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Charlestown and the South, 1779-1780

A small British expedition captured Savannah, Georgia, and managed in the late autumn of 1779 to beat off a combined Franco-American attack [see Document 7] This greatly encouraged Clinton to press on with his plans for a major expedition to South Carolina, which left New York in December 1779, in normal weather, a passage of about a week. Almost within sight of their objective they were blown off course. After a detour to the West Indies they eventually landed on 11th February and slowly progressed towards Charlestown, which fell to the British on the 12th May.

The British lost about 265 killed and wounded, and in exchange captured a major American town, with a garrison of about 5,000 men and arms. Sir Henry Clinton has been severely criticised for taking so long over the operation. It was not a brilliant campaign, but it was successful and achieved for a very small loss of British soldiers. John Hayes had no doubt about the significance of the victory: '… a day of glorious memory which puts us in possession of the first town on this continent consequential to the rebellion ... O were you here to see the glorious sight you would feel with me on the occasion …'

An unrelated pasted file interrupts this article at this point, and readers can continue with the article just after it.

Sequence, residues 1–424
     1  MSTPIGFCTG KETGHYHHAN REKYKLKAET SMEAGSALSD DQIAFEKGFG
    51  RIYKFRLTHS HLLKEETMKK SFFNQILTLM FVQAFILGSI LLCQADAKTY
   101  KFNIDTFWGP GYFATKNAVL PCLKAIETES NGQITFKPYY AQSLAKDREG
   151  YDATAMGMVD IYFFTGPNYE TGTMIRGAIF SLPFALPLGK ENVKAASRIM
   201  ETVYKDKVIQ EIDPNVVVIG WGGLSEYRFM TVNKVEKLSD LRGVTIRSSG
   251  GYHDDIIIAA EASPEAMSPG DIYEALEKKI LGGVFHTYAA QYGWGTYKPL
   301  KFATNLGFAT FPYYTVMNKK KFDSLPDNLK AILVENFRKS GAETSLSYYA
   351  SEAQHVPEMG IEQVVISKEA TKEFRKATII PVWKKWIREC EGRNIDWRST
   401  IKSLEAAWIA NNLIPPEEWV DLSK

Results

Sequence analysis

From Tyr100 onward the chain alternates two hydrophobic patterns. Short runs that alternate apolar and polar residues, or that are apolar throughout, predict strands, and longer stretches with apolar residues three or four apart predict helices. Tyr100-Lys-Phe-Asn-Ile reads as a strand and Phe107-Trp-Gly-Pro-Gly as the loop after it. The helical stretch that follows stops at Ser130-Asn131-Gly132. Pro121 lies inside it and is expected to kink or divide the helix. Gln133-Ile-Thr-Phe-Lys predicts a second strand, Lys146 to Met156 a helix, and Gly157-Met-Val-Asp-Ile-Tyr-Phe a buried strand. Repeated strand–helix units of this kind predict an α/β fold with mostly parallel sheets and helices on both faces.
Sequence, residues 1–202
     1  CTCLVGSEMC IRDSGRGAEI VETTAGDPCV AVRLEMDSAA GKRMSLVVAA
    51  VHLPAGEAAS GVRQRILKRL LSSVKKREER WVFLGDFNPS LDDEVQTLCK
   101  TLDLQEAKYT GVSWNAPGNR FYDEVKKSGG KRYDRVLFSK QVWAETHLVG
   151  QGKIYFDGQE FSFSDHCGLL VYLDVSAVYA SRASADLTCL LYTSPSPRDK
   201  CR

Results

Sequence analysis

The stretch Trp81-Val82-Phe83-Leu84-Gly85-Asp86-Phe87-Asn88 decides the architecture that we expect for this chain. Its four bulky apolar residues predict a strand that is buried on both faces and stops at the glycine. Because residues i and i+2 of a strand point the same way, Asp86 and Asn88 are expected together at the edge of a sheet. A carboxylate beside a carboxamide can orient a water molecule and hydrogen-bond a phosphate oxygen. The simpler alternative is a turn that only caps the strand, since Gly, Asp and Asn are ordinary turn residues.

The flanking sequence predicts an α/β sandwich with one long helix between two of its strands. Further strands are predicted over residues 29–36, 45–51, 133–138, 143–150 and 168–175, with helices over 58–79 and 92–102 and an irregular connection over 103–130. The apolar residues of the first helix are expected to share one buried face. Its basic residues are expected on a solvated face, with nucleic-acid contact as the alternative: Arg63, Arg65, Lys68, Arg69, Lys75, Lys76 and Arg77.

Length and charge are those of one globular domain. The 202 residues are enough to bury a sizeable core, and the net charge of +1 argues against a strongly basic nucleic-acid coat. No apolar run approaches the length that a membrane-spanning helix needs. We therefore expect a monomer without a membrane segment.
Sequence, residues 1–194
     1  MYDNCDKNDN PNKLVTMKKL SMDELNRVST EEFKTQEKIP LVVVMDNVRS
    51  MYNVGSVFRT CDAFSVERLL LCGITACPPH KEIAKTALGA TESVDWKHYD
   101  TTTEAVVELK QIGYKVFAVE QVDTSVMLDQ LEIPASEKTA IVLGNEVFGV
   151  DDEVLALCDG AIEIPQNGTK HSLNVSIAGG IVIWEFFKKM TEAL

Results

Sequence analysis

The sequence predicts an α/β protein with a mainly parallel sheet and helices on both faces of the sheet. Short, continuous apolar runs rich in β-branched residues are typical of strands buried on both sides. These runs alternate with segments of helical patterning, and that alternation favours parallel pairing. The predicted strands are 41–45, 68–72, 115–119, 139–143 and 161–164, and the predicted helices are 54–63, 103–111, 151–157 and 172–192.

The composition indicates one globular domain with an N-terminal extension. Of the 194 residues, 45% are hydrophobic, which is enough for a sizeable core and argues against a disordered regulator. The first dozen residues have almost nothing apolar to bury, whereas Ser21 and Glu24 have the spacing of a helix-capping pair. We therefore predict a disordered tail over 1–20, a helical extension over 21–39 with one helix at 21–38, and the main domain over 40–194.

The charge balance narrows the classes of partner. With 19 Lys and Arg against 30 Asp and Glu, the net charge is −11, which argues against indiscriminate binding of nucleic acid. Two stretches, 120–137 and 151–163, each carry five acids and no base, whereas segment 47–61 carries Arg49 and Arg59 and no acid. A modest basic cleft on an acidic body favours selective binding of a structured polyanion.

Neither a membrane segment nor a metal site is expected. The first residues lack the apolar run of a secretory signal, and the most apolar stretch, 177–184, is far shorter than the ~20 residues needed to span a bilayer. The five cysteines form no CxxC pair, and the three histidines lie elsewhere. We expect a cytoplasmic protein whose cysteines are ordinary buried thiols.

Thereafter the campaign in the South appeared to go according to plan. Detachments of troops and loyalist militia established posts on the frontiers of South Carolina, and Sir Henry Clinton felt it safe to return to New York leaving the further conduct of the campaign in the hands of General Cornwallis.

Sir Henry returned to New York to his usual run of problems. The inability of the British navy under Admiral Arbuthnot to beat the French at sea meant that during the year some 8,000 French troops were landed at Rhode Island, and this, in Clinton's view, transformed both the nature of the war and his hopes of success. Once again the government seemed very dilatory, and he attempted to resign at the same time impressing on his friends the gravity of the new situation.

 

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